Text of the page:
Performance Based Compensation

Performance Based Compensation

Each contracting company is different, so there is no absolute way to setup PBC. Your industry niche, your employees, and your company’s culture all play a part in designing the best PBC plan. With that in mind, we will provide several examples to get you thinking about how to create the perfect plan for your particular circumstances.

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For the purposes of this article, Performance Based Compensation (PBC) is a process of paying employees for a specific outcome or paying extra for work that goes above and beyond the normal call of duty. If you think about it, most business owners are paid strictly on PBC. If an owner performs well, they thrive financially. If they perform badly, they don’t get paid as well.

The main idea of implementing PBC is to reward top performing employees and provide a clear incentive to do more than what is required to simply keep their job.

Each contracting company is different, so there is no absolute way to setup PBC. Your industry niche, your employees, and your company’s culture all play a part in designing the best PBC plan. With that in mind, we will provide several examples to get you thinking about how to create the perfect plan for your particular circumstances.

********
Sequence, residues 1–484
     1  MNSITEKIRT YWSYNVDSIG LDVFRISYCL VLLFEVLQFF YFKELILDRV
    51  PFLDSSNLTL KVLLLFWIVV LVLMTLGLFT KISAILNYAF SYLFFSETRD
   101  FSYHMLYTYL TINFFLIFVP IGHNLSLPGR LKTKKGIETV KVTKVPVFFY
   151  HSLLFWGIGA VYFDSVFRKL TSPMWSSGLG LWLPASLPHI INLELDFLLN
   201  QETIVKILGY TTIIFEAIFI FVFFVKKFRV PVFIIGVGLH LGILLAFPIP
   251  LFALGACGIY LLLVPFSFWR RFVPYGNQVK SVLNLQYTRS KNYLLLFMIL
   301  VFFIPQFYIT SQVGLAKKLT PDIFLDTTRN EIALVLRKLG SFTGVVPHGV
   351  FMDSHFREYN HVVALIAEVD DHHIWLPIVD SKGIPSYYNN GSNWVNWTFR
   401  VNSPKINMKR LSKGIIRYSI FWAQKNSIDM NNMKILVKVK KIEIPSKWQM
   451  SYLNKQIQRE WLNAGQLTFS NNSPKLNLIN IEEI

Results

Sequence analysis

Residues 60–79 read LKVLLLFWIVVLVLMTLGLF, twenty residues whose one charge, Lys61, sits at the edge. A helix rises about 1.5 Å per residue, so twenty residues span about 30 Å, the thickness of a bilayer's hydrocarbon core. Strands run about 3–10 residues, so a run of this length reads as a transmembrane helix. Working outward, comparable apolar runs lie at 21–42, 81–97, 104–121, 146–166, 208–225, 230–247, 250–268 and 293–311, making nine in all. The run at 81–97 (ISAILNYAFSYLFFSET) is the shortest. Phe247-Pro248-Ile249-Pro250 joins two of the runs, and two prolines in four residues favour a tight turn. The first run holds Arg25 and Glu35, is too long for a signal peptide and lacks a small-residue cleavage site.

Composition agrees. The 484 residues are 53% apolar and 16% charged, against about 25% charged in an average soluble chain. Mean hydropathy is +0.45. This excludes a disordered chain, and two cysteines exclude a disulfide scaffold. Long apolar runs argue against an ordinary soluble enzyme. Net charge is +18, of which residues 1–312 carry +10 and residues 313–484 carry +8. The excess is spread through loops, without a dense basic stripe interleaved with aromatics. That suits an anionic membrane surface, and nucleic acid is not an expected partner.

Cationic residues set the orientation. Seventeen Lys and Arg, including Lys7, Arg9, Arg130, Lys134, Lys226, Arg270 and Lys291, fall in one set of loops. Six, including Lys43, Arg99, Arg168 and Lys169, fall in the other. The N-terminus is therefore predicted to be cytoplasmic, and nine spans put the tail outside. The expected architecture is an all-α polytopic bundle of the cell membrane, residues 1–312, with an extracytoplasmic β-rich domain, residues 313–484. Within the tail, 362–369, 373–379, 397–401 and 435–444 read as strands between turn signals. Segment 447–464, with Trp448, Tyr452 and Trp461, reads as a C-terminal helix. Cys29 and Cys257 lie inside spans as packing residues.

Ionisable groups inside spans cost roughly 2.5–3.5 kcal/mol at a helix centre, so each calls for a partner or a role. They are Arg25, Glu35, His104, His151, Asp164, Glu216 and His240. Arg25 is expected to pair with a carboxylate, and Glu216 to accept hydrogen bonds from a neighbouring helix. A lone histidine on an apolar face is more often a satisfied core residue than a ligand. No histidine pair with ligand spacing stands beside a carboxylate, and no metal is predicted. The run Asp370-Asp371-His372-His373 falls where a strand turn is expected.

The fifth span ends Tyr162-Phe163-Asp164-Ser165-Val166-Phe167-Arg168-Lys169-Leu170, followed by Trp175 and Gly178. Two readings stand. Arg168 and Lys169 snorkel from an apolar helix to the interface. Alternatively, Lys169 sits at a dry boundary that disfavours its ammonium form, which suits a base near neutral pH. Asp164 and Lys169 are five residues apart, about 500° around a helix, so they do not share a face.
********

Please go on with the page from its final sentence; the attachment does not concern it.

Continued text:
Let’s start with the service department. To reduce unbillable time, consider paying technicians two rates; one for unbillable time and one for billable time. Your unbillable rate might be 50 percent below the street rate while billable time would be 30 percent above it. You might pay technicians a set fee for drive time that is equal to their billable rate multiplied by their typical drive time. If travel time is difficult to average out, consider creating travel zones that allow for different travel time. Let’s say that the street rate for an average service technician is $25.00 per hour (direct cost with no overhead) and drive time between calls averages 30 minutes. Here is how it might look on paper.

Travel compensation per service call: $16.25

Compensation per billable hour: $32.50

Unbillable compensation per hour: $12.50

Unbillable time covers training, meetings and drive time not charged. It also covers call-backs on that technician. For warranty work and call-backs not under that technician’s control, you would pay them their billable rate. If you use flat rate pricing, consider paying the technician a flat fee for travel and diagnostics plus the “book time” for the task. Here is an example:

Travel and diagnostics: $32.50

Replace stock fan motor and capacitor: $32.50 (1hr book time)

Paying technicians a higher than average flat fee for each repair and holding them accountable for call-backs creates an incentive to maintain an organized well stocked truck with the correct tools and equipment. If you simply pay them by the hour, they have no financial reason to be accurate and efficient. Be sure to clearly define what a call-back is and is not.

You should also pay bonuses for selling service agreements, creating sales leads and other desirable activities. Create a complete list of bonuses and incentives. Here is an example to get you started:

Service agreement sales bonus: $10.00 (per system)

Humidification or filtration system: $25.00

Wi-fi thermostat: $15.00

Sales lead resulting in sales presentation: $25.00

Sales lead resulting in a sale: $50.00

Should a technician be paid to sell equipment?